The Challenges of Data Rate and Data Accuracy in the Analysis of Volcanic Systems: An Assessment Using Multi-Parameter Data from the 2012-2013 Eruption Sequence at White Island, New Zealand

Wednesday, 17 December 2014: 1:55 PM
Arthur D Jolly1, Bruce W Christenson2, Jurgen W Neuberg3, Nicolas Fournier4, Agnes Mazot1, Geoff Kilgour4 and Gillian Elizabeth Jolly1, (1)GNS Science-Institute of Geological and Nuclear Sciences Ltd, Lower Hutt, New Zealand, (2)GNS Science-Institute of Geological and Nuclear Sciences Ltd, National Isotope Centre, Lower Hutt, New Zealand, (3)University of Leeds, Leeds, United Kingdom, (4)GNS Science, Taupo, New Zealand
Volcano monitoring is usually undertaken with the collection of both automated and manual data that form a multi-parameter time-series having a wide range of sampling rates and measurement accuracies. Assessments of hazards and risks ultimately rely on incorporating this information into usable form, first for the scientists to interpret, and then for the public and relevant stakeholders. One important challenge is in building appropriate and efficient strategies to compare and interpret data from these exceptionally different datasets.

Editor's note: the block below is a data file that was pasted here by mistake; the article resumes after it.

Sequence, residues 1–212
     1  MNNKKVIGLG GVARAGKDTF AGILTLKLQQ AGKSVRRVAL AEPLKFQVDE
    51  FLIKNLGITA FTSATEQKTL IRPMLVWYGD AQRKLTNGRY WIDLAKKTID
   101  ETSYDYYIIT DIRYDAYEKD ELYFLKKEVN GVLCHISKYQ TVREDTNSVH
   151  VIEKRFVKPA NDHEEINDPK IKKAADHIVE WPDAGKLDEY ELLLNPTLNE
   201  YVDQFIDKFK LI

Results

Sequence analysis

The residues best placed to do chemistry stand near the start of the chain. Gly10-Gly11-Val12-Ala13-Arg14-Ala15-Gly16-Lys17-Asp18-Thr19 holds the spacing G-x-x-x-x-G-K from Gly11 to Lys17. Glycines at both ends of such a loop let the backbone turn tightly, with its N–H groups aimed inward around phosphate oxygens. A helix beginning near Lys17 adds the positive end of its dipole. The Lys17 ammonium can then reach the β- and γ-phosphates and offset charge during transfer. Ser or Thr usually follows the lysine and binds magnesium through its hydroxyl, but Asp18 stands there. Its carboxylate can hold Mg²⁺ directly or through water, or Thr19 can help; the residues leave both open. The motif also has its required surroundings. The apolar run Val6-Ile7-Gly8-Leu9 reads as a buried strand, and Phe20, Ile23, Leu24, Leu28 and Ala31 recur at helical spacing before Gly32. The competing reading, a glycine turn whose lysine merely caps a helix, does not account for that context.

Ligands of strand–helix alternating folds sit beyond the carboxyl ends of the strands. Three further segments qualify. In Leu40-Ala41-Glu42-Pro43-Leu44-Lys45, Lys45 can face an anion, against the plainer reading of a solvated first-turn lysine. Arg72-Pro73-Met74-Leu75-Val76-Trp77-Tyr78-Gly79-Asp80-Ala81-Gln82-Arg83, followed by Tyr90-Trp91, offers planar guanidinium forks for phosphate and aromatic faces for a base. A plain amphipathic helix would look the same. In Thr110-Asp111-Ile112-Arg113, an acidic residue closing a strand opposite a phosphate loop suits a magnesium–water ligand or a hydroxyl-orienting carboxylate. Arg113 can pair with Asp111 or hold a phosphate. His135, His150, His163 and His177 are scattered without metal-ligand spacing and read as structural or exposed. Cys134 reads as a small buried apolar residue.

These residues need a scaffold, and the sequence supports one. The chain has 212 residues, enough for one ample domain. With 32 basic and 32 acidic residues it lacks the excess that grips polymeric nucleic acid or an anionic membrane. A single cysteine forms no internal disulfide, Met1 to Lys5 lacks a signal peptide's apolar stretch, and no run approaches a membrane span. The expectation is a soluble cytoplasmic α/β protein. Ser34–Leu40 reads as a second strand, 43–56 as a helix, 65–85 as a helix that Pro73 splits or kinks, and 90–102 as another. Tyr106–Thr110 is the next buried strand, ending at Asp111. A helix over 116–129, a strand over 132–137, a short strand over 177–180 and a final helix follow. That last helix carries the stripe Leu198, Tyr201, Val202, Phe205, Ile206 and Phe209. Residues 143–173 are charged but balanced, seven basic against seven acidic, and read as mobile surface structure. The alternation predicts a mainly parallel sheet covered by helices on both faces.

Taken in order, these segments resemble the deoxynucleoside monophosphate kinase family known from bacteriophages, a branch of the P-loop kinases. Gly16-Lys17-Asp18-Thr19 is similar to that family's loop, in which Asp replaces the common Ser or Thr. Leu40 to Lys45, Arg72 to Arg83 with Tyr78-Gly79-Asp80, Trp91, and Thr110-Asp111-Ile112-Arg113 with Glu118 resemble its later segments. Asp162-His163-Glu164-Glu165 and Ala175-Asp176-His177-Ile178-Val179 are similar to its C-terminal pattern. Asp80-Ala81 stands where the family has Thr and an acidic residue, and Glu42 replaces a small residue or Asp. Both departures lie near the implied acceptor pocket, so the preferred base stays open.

The White Island volcanic system entered a new eruptive state beginning in mid-2012 and continuing through the present time. Eruptive activity during this period comprised small phreatic and phreato-magmatic events in August 2012, August 2013 and October 2013 and the intrusion of a small dome that was first observed in November 2012. We examine the chemical and geophysical dataset to assess the effects of small magma batches on the shallow hydrothermal system. The analysis incorporates high data rate (100 Hz) seismic, and infrasound data, lower data rate (1 Hz to 5 min sampling interval) GPS, tilt-meter, and gravity data and very low data rate geochemical time series (sampling intervals from days to months). The analysis is further informed by visual observations of lake level changes, geysering activity through crater lake vents, and changes in fumarolic discharges.

We first focus on the problems of incorporating the range of observables into coherent time frame dependant conceptual models. We then show examples where high data rate information may be improved through new processing methods and where low data rate information may be collected more frequently without loss of fidelity. By this approach we hope to improve the accuracy and efficiency of interpretations of volcano unrest and thereby improve hazard assessments.